Psychology of Web Comments
A few years ago, one of my essays appeared on a major news site. The first several comments were wildly negative. So, using a fake name, I posted a complimentary comment about the article and its highly talented author. The momentum shifted. Almost all of the new comments were positive. The world of Internet comments is endlessly interesting. On one hand, web comments often display the worst of human behavior (hate, cynicism, prejudice, spelling errors). I’ve often argued that every page with web comments should be sponsored by antidepressants. On the other hand, comments can often add value to a discussion, or, in some cases, provide a nourishing and supportive environment to share data or get valuable feedback. What determines what kind of comments you’ll find? Is it anonymity vs using real names? It turns out it’s not that simple. From The New Yorker’s Maria Konnikova, here’s a look at the weird psychology of online comments.
What’s the penalty for driving while texting? The answer to that question varies widely and depends on the state where you’re driving. Californians get off cheap (and it sure seems like every one of them is texting). Alaskans are the toughest on the behavior (up to $10,000 and a year in jail). Four states don’t ban the behavior at all. Why does this matter? The number one cause of death for teenage drivers is texting (it overtook drinking). And in general, we all agree it’s bad and most of us do it anyway.
“‘Why do you think she did it?’ I asked as we stepped back into the sunlight. For that’s all any of us were thinking, had been thinking since we got the news.” David Sedaris reflects on his sister’s suicide: Now We Are Five.
+ “My old man would sit there for hours, in his underwear, playing games. He wasn’t into golf or sports cars or expensive booze. He was really into sitting in his underwear and pushing buttons and winning games … He admired three people: Jesus, Patsy Cline, and Link, the hero of his all-time favorite game. That game was The Legend of Zelda, which he would play and defeat and play again.” John Devore: Son of Pong.
+ “I don’t vote because to me it seems like a tacit act of compliance; I know, I know my grandparents fought in two world wars (and one World Cup) so that I’d have the right to vote. Well, they were conned. As far as I’m concerned there is nothing to vote for.” Russell Brand wants a revolution.
“But Ayungin is different. In the reef’s shallows there sits a forsaken ship, manned by eight Filipino troops whose job is to keep China in check.” From the NYT Magazine, a well-designed piece called A Game of Shark and Minnow.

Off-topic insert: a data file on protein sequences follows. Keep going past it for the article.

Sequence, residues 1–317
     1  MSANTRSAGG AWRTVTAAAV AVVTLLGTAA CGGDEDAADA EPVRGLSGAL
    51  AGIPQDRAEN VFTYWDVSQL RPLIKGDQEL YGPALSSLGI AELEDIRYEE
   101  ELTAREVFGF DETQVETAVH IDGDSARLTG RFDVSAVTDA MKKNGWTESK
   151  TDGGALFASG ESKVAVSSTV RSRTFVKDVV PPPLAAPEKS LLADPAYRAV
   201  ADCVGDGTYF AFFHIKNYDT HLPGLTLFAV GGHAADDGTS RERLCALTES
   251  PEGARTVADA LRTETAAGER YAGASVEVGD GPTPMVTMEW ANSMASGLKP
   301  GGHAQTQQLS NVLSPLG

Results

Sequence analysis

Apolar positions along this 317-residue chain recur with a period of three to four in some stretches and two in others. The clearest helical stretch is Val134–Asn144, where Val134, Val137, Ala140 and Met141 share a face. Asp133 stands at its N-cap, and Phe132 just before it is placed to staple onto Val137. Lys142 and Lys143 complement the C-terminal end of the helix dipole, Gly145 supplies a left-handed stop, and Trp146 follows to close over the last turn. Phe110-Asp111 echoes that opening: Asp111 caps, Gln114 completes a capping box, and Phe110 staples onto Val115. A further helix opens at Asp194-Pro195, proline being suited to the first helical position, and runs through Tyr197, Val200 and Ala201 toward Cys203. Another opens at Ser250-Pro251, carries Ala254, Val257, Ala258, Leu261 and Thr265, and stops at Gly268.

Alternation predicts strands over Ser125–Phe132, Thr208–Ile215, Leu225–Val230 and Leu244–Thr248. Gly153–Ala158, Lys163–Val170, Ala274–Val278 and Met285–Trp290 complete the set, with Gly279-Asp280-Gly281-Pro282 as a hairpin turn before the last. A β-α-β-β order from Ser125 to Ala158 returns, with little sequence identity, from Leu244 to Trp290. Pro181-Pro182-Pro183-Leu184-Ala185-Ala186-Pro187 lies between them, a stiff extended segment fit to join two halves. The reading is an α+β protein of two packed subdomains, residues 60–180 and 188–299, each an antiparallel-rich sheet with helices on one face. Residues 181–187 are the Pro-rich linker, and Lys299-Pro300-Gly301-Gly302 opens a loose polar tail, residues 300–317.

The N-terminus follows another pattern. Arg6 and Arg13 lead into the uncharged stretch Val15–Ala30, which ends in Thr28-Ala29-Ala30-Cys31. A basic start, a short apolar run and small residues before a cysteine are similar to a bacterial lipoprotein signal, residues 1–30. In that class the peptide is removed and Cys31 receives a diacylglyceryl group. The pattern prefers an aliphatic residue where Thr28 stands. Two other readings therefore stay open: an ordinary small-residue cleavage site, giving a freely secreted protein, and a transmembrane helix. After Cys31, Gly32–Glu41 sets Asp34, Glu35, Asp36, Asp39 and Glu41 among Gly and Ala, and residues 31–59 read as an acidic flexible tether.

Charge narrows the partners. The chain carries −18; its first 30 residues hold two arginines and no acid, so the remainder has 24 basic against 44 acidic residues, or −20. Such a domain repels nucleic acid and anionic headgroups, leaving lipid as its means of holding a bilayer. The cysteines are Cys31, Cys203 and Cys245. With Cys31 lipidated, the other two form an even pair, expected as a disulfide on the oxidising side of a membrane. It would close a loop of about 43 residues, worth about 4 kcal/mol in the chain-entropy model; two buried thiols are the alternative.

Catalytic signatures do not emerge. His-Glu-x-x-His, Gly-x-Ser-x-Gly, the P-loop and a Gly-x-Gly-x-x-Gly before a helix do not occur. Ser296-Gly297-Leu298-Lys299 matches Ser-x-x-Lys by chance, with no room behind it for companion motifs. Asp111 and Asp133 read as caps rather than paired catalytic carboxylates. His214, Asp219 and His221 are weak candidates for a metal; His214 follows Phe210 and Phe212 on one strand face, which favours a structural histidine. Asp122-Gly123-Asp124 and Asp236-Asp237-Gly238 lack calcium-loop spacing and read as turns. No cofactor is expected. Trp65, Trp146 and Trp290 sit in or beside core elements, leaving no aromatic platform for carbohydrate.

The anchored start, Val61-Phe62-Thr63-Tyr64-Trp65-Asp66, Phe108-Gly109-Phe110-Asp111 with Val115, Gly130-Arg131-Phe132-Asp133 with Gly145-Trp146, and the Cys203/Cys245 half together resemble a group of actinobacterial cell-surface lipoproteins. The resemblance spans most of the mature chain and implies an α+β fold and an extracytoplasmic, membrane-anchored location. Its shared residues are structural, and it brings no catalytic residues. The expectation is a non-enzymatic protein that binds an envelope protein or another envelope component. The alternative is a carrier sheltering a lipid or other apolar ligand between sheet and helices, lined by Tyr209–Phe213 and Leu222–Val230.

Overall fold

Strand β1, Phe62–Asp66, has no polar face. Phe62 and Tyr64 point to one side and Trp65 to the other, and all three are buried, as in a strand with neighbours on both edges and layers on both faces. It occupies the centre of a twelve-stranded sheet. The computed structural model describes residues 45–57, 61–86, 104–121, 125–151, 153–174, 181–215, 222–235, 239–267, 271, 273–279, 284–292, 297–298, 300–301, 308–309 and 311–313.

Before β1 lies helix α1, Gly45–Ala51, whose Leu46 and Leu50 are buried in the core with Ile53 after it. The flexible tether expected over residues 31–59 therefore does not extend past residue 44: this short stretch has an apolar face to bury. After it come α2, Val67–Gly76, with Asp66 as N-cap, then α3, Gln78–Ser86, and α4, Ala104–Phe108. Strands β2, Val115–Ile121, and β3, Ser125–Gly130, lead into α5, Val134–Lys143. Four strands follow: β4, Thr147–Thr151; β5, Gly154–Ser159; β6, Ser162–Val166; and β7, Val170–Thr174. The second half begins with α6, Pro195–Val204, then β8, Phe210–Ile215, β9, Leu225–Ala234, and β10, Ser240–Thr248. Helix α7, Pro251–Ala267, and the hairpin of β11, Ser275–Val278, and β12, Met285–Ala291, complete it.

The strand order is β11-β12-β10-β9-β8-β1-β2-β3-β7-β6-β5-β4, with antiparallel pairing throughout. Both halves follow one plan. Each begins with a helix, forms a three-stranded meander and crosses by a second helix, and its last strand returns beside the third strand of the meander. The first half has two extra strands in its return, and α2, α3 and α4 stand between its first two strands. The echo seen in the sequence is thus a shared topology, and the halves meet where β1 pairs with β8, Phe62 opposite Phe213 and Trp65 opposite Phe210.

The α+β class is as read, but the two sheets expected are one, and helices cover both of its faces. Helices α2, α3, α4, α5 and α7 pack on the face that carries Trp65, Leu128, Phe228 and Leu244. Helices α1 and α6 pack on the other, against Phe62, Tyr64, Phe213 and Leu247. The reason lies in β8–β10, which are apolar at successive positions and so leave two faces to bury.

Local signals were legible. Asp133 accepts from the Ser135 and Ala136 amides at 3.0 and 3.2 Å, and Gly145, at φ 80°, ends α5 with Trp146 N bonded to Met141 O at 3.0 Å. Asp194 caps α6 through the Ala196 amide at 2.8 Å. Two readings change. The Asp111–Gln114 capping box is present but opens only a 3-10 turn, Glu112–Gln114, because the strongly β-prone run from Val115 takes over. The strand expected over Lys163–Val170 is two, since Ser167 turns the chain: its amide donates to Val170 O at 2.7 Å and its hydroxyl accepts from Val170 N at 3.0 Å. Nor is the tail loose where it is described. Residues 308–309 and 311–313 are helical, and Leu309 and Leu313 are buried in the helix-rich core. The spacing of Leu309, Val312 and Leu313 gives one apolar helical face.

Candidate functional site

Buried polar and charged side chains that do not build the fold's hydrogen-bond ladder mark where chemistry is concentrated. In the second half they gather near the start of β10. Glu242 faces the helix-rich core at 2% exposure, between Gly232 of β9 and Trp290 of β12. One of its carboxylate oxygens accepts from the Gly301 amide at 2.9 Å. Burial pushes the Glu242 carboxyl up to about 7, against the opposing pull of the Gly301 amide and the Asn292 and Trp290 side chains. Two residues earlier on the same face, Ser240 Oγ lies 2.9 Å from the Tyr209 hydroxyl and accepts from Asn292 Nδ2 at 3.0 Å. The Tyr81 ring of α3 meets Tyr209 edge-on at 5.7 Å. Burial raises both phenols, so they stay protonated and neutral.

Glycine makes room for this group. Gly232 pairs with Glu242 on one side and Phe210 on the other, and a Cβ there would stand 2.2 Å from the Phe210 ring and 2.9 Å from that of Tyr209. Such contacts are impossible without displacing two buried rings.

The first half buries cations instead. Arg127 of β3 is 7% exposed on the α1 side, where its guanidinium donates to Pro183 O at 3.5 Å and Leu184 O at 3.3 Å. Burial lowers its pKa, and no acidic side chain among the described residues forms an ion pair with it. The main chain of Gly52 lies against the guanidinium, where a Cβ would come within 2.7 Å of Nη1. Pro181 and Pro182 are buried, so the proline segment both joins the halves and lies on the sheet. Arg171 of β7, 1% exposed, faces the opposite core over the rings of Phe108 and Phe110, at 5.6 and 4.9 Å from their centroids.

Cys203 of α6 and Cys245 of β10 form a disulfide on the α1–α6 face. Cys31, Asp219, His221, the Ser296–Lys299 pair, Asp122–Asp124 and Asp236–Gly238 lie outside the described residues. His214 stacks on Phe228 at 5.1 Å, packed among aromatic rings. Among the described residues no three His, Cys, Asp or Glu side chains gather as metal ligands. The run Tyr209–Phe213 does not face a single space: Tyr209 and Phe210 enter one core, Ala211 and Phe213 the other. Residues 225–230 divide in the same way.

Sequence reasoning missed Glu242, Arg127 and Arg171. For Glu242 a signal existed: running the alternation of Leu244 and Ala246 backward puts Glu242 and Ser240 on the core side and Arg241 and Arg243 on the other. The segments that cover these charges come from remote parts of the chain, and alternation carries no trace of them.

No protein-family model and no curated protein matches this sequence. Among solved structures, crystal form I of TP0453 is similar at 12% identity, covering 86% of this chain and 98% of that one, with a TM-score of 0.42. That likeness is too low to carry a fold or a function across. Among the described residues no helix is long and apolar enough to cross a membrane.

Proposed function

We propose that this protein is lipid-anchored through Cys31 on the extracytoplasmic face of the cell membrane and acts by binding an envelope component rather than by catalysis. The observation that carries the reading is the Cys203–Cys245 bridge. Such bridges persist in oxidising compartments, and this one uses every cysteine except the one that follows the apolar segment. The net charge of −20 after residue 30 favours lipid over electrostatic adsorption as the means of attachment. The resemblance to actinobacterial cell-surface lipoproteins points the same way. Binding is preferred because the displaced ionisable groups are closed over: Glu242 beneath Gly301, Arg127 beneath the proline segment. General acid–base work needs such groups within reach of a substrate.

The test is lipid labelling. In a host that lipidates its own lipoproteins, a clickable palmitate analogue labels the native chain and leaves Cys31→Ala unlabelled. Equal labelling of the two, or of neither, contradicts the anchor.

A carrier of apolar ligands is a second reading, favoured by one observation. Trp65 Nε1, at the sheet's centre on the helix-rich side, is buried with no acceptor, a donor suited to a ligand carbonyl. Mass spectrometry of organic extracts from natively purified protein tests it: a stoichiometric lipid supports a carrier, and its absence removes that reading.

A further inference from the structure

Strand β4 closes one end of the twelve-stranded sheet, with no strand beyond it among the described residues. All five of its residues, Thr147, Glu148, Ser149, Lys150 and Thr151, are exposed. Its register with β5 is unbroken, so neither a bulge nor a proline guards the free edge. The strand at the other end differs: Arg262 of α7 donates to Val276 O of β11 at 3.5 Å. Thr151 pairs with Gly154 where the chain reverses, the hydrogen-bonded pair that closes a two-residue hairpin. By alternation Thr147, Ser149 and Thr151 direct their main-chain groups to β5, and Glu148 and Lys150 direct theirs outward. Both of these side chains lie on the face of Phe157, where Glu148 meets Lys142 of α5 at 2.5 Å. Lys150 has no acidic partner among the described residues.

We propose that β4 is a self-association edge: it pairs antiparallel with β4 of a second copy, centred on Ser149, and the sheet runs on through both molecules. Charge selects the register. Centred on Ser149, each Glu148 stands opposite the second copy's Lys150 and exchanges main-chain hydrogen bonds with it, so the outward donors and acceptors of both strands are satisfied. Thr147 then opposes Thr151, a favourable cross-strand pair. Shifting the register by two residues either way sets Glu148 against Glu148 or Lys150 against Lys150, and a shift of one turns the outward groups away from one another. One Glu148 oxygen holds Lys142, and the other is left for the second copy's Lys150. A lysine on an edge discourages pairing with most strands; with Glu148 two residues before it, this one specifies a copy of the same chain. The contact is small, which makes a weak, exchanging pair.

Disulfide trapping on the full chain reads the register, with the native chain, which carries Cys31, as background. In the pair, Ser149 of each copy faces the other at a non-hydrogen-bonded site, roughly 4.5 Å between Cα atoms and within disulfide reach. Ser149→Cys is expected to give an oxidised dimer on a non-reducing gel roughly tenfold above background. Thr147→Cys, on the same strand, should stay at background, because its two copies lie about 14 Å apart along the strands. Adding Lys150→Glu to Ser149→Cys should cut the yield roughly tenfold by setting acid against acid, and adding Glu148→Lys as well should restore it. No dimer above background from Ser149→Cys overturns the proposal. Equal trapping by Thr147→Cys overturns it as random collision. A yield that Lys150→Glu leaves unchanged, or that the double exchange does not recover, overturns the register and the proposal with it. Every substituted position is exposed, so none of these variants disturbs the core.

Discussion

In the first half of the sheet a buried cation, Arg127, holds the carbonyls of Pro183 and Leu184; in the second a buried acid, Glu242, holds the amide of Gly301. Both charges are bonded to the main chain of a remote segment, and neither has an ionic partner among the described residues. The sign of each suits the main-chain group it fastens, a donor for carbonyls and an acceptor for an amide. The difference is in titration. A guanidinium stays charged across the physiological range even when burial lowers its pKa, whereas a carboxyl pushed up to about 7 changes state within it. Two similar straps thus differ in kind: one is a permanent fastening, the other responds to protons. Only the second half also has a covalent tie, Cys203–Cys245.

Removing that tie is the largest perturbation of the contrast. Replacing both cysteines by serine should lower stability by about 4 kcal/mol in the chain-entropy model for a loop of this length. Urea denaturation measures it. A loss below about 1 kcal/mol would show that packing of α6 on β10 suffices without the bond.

+ PBS Newshour: The 37 year-old refugee situation you know nothing about.
Did Snowden’s Leaks Do Us a Favor?
While U.S. officials are attempting to smooth over ruffled relations with allies whose leaders have been spied on, there is a new leak to worry about. Some countries that are not, at least publicly, considered allies often secretly cooperate with the U.S. When it came to domestic surveillance, the Snowden leaks seemed like they did us a favor. It could be an entirely different story as the international material continues to spill out.
King of Pain
Illegal drugs get all the headlines. But prescription drugs account for three-quarters of all overdose deaths in the U.S. Now the FDA is looking to crack down with tighter rules relating to the prescribing of one of the biggest culprits. Pain killers. It turns out, they kill the pain, and then some.
The Most Vital Social Network
According to the latest Piper Jaffray report, 26% of teens name Twitter as their most important social network. Only 23% named Facebook (and that’s down from 42%). Surveys are one thing and usage is another. And every teen I know lives on Facebook (and thankfully, almost none of them follows me on Twitter). But these numbers will be interesting to watch as Twitter’s IPO gives the company more dough to compete.
+ From the folks who built Obama’s campaign site: Why the Government Never Gets Tech Right. Hint: It relates to why they don’t get a lot of other stuff right either.
The way I read this article, the printing press showed up around 1430, electricity came along in the late 19th century, the Internet first rumbled in the 1960s, my parents had a glass or two of wine one night, and now you’re reading this excellent summary of the day’s most fascinating news. From The Atlantic: The 50 Greatest Breakthroughs Since the Wheel.
+ And from Smithsonian: 101 Objects that made America.
Funeral Industry Explained
The company has more than 1,800 outlets and 20,000 employees. That’s just the beginning. It’s about to get a lot bigger, especially in key areas like West Palm. Even if you’ve never heard of them, it’s pretty likely that you’ll be a customer of theirs one day. And this is one company that prides itself on thinking inside the box. BloombergBusinessweek takes you inside Service Corporation International – the king of funeral homes.
Brett Favre is 44. And teams are once again trying to get him back onto an NFL field. But this time around, he’s also in the news for another reason. He can’t remember when his daughter played youth soccer.
The Bottom of the News
Ever wonder why so many taxis around the world are yellow? It’s either because of the findings of university study aimed at ascertaining which color stands out at a distance. Or because one fleet owner’s wife preferred that color.
+ Photographs taken within Grand Theft Auto.
+ Hollywood screenwriters teach you how to write an awesome movie.
+ Arcade Fire’s new album comes out next week. But you can listen to it right now.